News & Announcements
Immune receptor that’s typically activated by bacteria is a major contributor to bladder dysfunction
Bladder dysfunction is a reality for about half of patients with diabetes and now scientists have evidence that an immune system receptor that’s more typically activated by bacteria is a major contributor.
Research to address the needs of autistic adults remains relatively unchartered territory, but Augusta University Occupational Therapist Teal Benevides hopes to shed light on this population’s critical needs in her latest project “Priority Setting to Improve Health Outcomes: Autistic Adults and Other Stakeholders Engage Together.”
Government-backed consortium of manufacturers and universities designed to advance biopharmaceutical manufacturing
Small proteins help deliver receptors to the surface of our cells, ensuring their function and helpi
Receptors on the surface of our cells enable a wide variety of functions from our sense of smell to memory.
Mutations in a gene that should enable memories and a sense of direction instead can result in imprecise communication between neurons that contributes to symptoms of schizophrenia, scientists report.
A signature event recognizing the Medical College of Georgia at Augusta University’s first black students and a keynote address from a former U.S. surgeon general will commence a yearlong celebration of the 50th anniversary of the desegregation of the state’s public medical school.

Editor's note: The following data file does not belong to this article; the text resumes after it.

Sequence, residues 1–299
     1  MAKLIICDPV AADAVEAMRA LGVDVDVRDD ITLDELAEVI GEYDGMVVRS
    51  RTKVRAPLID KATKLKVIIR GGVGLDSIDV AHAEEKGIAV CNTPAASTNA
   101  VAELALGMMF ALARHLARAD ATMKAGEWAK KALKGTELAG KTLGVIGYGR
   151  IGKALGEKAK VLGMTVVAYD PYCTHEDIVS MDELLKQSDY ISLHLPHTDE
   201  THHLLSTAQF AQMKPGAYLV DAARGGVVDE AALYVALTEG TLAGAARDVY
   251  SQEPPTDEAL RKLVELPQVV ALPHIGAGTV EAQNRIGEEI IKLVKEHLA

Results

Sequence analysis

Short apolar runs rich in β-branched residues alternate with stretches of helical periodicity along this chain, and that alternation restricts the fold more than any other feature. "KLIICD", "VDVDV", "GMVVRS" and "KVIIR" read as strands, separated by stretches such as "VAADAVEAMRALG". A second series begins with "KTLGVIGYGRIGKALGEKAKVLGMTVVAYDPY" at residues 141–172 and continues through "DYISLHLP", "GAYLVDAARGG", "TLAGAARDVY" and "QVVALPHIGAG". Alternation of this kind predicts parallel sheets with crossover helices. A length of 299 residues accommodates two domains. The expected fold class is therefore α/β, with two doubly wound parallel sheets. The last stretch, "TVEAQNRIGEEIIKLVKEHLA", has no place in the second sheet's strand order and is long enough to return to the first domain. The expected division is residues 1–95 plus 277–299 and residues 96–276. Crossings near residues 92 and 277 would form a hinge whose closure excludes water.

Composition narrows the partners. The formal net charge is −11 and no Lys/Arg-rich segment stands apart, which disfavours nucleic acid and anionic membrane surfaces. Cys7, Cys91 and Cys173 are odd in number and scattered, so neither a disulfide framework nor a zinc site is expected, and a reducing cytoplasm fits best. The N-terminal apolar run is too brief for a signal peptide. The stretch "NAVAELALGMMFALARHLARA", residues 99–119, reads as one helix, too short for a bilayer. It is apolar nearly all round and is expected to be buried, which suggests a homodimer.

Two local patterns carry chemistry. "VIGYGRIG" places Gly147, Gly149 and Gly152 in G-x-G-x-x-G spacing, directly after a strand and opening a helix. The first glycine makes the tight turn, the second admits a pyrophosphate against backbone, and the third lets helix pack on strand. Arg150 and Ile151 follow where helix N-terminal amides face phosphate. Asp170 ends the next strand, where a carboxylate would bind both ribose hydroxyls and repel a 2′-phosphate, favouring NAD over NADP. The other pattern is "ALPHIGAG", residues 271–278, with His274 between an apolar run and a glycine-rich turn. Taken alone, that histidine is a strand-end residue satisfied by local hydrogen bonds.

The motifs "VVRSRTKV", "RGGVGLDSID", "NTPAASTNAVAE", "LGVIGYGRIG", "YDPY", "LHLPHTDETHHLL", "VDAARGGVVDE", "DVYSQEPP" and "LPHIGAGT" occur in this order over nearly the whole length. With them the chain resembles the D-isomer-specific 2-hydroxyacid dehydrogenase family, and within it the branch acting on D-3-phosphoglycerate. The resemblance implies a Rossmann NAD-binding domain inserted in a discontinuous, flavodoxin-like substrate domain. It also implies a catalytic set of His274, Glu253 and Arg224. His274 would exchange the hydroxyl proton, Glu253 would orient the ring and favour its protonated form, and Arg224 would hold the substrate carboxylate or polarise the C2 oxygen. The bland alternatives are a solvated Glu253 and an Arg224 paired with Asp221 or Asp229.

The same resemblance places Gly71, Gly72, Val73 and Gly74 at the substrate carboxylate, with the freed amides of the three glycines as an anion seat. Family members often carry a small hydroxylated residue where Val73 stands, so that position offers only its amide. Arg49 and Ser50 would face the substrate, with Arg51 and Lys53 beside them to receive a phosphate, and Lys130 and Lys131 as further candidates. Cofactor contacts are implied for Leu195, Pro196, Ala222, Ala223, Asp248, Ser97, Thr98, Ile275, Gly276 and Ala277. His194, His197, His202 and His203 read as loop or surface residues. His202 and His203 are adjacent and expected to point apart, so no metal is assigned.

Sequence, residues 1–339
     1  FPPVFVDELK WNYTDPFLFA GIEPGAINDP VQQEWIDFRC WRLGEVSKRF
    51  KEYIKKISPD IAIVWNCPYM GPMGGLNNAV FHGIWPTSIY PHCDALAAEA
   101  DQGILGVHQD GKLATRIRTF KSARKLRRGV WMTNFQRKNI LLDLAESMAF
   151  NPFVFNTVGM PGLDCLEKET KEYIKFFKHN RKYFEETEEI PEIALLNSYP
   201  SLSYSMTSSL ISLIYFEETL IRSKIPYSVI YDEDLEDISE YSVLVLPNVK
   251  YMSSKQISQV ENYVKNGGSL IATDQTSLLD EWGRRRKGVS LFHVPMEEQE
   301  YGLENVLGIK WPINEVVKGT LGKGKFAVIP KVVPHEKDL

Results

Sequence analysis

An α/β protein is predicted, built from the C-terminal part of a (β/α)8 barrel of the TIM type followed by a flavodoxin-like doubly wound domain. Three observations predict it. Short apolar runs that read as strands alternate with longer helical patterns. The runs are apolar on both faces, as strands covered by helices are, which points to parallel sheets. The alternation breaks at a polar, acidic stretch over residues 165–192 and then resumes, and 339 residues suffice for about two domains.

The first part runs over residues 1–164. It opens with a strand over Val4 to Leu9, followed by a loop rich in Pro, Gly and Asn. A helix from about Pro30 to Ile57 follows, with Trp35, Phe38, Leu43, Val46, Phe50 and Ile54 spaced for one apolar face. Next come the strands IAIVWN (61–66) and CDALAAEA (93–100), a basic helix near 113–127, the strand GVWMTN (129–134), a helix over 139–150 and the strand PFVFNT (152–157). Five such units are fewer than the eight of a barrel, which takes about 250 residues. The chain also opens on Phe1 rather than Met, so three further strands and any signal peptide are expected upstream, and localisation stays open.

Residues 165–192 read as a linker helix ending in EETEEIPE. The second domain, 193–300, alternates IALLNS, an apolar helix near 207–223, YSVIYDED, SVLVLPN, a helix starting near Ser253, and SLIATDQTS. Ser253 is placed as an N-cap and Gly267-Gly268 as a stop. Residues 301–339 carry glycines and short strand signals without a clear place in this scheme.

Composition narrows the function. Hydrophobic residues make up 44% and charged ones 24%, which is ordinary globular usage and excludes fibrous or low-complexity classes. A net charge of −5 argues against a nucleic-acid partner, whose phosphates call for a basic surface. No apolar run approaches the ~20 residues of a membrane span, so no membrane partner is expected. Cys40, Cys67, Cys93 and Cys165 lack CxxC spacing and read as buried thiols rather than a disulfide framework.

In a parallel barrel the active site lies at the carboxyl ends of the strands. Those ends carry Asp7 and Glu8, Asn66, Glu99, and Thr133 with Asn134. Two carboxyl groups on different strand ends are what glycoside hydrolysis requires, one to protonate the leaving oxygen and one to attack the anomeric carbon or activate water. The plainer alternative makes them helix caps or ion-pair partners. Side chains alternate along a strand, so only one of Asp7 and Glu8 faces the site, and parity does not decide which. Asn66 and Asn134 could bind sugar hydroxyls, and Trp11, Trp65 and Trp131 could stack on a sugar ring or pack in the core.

A more powerful version of an anti-inflammatory molecule already circulating in our blood may help protect our vision in the face of diabetes.
Americans are split on getting an annual flu shot, with four out of 10 having done so in the past year and around half saying they had already received or were planning to get the vaccine this year, according to new national survey data analyzed by University of Georgia researchers.
Dr. David Hess has been named interim dean for Augusta University’s Medical College of Georgia and executive vice president of Medical Affairs and Integration. Both appointments are effective Jan. 17, upon the departure of Dr. Peter F. Buckley, who was named dean at Virginia Commonwealth University School of Medicine in November.
Our hearts use fat for fuel but as with the rest of our bodies, it’s all about balance.